Run around Parco degli Acquedotti
If you are visiting Rome with kids during the fall or spring months and want to stretch your legs and let them roam free, take them to the Parco degli Aquedotti. This large meadow is surmounted by one of Rome’s ancient aqueducts, filled with flowers and there even is a playground at the end of the park that kids will certainly enjoy.
To get to Parco degli Acquedotti main entrance in Via Lemonia, you can take Metro A from central Rome and get off at Giulio Agricola or Sub Augusta stations. Alternatively, you can take bus 559, 590, 650, 654.
Throw a coin in Trevi Fountain
Scattered around the Italian capital there are many gorgeous fountains, literally a work of art – many of them by Bernini, Rome’s favorite Renaissance artist. While your children won’t be able to put their feet in them – not even on the hottest days, as this is actually forbidden – you may entertain them by giving them a coin to throw in the fountain – it’s pretty much a rite of passage in Rome. Thousands of euro make it into the city’s fountains daily!
The most popular fountain to throw a coin at is Trevi, built in the 1700s over a fountain that had been standing since first century and which was actually used to drag water to the Baths of Agrippa.
Tell your kids to throw the coin with their right hand, and over their left shoulder, and they will be certain to go back to Rome one day.
Make sure to read my post The Most Beautiful Fountains In Rome.
Pet the cats at Largo di Torre Argentina Cat Sanctuary
If your children love animals, they will love visiting a cat sanctuary. There are many in Rome, but the most famous – not to mention the most centrally located – is that of Largo di Torre Argentina.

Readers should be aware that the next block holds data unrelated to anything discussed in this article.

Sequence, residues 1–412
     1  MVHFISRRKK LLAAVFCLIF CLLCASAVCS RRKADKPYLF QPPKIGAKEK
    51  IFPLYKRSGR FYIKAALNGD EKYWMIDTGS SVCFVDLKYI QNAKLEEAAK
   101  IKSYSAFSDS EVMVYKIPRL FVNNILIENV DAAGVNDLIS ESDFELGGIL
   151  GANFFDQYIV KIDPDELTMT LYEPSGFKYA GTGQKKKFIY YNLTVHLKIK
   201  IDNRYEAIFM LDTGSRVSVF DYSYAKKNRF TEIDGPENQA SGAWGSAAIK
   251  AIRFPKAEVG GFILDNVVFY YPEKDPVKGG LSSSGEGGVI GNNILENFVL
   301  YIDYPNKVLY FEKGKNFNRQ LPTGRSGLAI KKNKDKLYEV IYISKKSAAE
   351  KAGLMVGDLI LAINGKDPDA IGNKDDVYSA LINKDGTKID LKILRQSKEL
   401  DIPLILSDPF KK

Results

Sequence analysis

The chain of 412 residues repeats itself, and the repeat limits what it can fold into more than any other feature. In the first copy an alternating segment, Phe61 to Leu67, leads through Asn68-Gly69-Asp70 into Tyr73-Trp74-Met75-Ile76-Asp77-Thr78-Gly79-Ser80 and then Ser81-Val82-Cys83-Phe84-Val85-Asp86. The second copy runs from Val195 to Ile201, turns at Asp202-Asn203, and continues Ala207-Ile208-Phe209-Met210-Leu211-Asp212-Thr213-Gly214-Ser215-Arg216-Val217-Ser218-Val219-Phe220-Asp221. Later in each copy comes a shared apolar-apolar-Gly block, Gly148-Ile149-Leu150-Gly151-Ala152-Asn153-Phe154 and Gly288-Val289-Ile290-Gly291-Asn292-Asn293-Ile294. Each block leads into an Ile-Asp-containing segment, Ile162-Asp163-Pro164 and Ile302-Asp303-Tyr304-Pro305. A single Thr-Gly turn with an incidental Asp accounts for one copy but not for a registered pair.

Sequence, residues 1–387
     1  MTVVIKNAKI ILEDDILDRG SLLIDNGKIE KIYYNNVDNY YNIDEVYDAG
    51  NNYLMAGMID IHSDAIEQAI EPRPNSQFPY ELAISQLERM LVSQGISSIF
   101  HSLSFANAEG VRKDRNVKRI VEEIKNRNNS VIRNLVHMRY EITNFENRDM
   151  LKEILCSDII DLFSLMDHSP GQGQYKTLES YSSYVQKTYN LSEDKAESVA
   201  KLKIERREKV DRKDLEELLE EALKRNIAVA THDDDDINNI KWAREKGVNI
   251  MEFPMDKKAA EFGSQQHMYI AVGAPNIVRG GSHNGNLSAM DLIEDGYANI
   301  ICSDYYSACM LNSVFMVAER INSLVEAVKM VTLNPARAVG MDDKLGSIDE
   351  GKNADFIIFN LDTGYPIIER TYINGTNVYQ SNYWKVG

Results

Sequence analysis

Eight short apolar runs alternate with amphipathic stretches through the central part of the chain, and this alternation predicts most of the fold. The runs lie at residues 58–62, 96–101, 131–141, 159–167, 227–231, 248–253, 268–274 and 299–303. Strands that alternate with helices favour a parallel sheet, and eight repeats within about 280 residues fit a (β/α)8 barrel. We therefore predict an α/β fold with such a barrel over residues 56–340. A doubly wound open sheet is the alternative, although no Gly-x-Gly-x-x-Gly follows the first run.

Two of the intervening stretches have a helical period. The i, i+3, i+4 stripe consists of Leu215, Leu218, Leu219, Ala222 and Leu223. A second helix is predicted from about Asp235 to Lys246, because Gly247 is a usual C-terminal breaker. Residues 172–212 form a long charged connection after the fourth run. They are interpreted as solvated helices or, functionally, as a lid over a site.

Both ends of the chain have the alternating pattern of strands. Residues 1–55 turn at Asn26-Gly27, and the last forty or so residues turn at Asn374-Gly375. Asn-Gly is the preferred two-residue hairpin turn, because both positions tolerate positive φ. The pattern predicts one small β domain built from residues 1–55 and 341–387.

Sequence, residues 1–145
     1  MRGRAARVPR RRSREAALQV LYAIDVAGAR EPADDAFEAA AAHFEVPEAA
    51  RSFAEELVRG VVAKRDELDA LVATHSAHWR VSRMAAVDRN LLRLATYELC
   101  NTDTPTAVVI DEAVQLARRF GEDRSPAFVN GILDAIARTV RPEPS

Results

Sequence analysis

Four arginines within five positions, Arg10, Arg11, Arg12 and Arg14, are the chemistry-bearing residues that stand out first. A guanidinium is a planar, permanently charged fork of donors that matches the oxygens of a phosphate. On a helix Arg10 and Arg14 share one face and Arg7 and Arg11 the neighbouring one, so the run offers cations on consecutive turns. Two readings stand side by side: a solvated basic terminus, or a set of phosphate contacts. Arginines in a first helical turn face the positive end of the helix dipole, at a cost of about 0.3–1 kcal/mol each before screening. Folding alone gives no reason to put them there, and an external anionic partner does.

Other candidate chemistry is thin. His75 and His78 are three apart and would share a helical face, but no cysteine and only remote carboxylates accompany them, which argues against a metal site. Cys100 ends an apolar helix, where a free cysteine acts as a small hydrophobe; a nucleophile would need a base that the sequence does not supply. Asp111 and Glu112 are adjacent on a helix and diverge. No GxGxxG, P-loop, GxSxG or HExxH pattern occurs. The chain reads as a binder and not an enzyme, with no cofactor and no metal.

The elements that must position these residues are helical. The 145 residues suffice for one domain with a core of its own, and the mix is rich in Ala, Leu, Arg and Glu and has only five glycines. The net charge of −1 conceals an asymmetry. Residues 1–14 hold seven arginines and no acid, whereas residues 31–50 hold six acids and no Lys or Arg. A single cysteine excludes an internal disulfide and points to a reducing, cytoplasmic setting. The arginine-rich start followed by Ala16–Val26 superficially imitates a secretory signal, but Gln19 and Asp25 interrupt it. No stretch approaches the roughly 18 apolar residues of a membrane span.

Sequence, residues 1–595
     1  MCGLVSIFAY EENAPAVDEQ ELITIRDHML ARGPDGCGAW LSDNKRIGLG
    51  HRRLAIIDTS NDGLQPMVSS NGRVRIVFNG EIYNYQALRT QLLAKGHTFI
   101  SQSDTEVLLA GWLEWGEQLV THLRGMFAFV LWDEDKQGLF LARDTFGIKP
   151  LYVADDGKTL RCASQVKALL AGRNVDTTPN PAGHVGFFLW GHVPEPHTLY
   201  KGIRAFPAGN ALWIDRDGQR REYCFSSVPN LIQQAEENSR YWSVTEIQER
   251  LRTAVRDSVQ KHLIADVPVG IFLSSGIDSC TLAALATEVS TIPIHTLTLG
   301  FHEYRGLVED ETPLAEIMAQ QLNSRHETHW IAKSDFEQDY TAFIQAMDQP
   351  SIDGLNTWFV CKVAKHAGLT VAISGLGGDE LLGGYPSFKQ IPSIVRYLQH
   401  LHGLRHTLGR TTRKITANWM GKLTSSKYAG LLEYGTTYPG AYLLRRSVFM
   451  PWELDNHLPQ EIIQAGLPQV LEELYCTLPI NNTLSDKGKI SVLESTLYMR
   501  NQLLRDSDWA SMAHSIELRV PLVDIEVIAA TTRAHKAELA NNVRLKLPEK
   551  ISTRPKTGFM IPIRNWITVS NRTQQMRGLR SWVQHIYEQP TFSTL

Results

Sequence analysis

It’s actually located in an archeological site believed to be the place where the Theater of Pompey – where Julius Caesar was stabbed to death – was located. You can walk in, pet the four-legged friends, make a donation to help support the many cats and even bring home a small souvenir.
Check out my post Where To See The Cats Of Rome.
Test the truth at the Mouth of Truth
For something fun to do in Rome with kids, make sure not to miss the world-famous Mouth of Truth. This curious sculpture is a marble disc depicting a face with holes for its eyes and mouth. As yet, it’s unknown specifically what this was intended for with various theories as to its origin.
It’s thought to depict the Titan Oceanus, god of the seas. Legend has it that if you place your hand into the mouth of the sculpture and you’ve told a lie, it will bite off your hand to which a scene from the classic 1953 movie Roman Holiday attests.
Make sure to read my post A Guide To Visiting The Mouth Of Truth.
Cross over the international border at the Vatican city
In Rome you can wow your children by making the step into another nation state in the heart of the city. Don’t worry though, you won’t need your passport, and there’s no border control. However, as you step into St Peter’s Square, you’ll be in another nation.
In fact, the Vatican City has their own stamps and their own security – the Swiss Guards. These historic soldiers now find their home in the Vatican, and with red-plumed helmets, orange and red striped uniforms and shiny armor, they’re like something from a bygone age.
To explore Vatican City, the Sistine Chapel, the Vatican Museums and St. Peter’s Basilica, consider joining a kids friendly tour. You can book it here.
Hike to the top of St Peter’s Dome
If you are visiting Rome with kids, getting to the top of St Peter’s Dome is definitely an activity that you will not forget in a hurry – though I only recommend it for older children. The cupola of St Peter’s Basilica was designed by none other than Michelangelo, and to get up close to it is an amazing experience.
You can either walk up 231 steps or take the elevator to the point where you’ll get to see the mosaics up close. Then it’s time to continue up more steps (320 to be precise), along a winding corkscrew passageway, until you reach the top of the cupola. The view from the top across the roofs of the Vatican and the rest of the city are outstanding.
You can get tickets to St. Peter’s Basilica Dome here.
Check out my post Where To Get The Best Views In Rome.
Spot the she-wolf in the Piazza del Campidoglio
It’s in this square, atop the Capitoline Hill high above the city streets, that you’ll find the symbol of Rome – the Capitoline Wolf. Making your way to this icon of the city is a fun activity for the family – just ask your children who can spot her first!